As part of their Body Issue, ESPN's Seth Wickersham profiled Oden's two Ohio State journeys - the one in 2006 and the current one - but focused more on the academics than his coaching. If you have the time to take a read, we definitely recommend it.
5 Sacramento Kings: Quincy Douby (Afyonkarahisar Belediyespor)
Another member of the 2006 NBA Draft - this class was worse than we remember - Douby was the first Rutgers player drafted in the first round in over 20 years when the Kings used the 19th overall pick on the guard. Douby never started a game for the Kings and showed flashes of excellence, but given the Kings passed up on Rajon Rondo and Kyle Lowry to take the Brooklyn-born guard...yeah, you can see why he makes it here.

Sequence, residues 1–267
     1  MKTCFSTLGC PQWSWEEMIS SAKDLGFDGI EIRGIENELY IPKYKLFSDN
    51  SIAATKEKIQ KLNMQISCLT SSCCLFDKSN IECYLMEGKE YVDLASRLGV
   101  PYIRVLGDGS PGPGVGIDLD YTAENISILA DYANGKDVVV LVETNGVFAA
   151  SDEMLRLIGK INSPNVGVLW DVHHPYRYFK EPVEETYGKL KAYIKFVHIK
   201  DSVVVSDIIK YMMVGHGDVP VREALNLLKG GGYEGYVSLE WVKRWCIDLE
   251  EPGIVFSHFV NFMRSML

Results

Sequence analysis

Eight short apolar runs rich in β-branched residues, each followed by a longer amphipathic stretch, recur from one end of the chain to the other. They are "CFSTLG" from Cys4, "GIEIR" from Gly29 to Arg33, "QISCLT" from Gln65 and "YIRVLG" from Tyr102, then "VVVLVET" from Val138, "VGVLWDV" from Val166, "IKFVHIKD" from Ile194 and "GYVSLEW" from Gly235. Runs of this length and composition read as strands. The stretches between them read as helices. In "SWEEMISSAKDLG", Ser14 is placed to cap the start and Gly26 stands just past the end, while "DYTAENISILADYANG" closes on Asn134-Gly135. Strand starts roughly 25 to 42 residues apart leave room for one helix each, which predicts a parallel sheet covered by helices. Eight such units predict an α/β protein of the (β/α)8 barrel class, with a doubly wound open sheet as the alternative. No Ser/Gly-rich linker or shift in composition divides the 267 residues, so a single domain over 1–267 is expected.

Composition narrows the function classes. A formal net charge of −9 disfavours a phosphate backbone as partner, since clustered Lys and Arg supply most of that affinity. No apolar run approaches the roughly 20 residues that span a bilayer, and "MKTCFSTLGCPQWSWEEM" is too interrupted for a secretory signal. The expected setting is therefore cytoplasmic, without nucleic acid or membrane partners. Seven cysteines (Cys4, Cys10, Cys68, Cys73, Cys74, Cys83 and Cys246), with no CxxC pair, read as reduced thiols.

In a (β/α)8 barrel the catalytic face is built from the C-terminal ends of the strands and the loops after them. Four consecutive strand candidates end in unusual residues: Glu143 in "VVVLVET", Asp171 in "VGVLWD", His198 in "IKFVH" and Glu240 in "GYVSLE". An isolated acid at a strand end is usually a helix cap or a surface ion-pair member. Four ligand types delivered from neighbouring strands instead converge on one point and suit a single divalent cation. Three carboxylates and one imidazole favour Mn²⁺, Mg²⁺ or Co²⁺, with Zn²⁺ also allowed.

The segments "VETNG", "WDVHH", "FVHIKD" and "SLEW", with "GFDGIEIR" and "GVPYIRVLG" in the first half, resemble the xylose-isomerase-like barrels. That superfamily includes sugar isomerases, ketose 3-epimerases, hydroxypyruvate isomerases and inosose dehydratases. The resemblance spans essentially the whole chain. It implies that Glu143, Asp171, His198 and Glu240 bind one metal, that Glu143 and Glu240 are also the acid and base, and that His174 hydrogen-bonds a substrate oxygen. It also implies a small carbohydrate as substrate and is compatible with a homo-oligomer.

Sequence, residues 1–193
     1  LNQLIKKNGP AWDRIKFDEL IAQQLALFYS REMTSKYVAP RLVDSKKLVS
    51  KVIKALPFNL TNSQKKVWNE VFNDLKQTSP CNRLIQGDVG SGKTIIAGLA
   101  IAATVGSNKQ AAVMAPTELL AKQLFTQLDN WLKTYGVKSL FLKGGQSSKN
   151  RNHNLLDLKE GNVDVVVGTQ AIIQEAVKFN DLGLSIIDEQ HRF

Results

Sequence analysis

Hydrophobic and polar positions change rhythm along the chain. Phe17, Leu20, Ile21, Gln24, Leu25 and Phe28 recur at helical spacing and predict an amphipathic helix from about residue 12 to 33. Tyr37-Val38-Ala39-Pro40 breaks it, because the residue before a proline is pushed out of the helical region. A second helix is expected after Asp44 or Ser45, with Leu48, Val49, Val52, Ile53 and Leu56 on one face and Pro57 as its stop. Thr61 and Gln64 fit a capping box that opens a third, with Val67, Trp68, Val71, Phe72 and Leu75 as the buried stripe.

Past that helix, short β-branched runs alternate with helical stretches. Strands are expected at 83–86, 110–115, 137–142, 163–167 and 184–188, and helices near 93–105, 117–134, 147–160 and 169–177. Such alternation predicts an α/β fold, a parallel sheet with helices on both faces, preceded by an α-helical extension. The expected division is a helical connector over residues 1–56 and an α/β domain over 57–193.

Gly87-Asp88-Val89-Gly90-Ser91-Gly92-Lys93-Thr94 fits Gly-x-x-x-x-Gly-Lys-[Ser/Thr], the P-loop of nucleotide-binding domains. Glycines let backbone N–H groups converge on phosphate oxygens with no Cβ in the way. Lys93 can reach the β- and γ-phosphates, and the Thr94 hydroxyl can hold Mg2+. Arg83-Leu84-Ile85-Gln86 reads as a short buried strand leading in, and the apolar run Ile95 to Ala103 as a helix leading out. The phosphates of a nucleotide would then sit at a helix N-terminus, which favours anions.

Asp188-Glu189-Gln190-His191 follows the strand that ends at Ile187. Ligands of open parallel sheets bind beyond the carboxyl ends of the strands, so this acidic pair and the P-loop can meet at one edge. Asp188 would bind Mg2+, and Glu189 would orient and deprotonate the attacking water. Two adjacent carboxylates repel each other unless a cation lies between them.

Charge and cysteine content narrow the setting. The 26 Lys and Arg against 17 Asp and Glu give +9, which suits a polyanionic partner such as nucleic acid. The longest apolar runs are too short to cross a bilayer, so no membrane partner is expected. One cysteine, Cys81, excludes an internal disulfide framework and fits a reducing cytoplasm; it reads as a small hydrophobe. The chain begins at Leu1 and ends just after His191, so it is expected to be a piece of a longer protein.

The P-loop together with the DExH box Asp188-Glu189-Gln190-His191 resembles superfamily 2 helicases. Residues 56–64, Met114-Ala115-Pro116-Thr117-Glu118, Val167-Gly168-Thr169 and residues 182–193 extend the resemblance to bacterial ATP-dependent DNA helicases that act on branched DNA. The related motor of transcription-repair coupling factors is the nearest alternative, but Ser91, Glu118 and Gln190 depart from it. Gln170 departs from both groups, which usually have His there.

Since his final NBA minutes with the Toronto Raptors in 2009, Douby has mainly played overseas in Turkey and China, though he did play for the Westchester Knicks in late 2016....before waiving his contract after two games. Now, Douby is with Afyonkarahisar Belediyespor in Turkey, which is easily the best name on this list.
4 San Antonio Spurs: James Anderson (Darüşşafaka Doğuş)
It's hard to believe the 76ers aren't on this list but the Spurs are, right? Well, James Anderson is the selection here after playing three years with the Spurs from 2010-13 and never doing much of anything under Gregg Popovich and friends. When Pop - who some NBA fans call the most overrated coach in the league,for some reason - drafts you, excellence is expected and Anderson could never break through.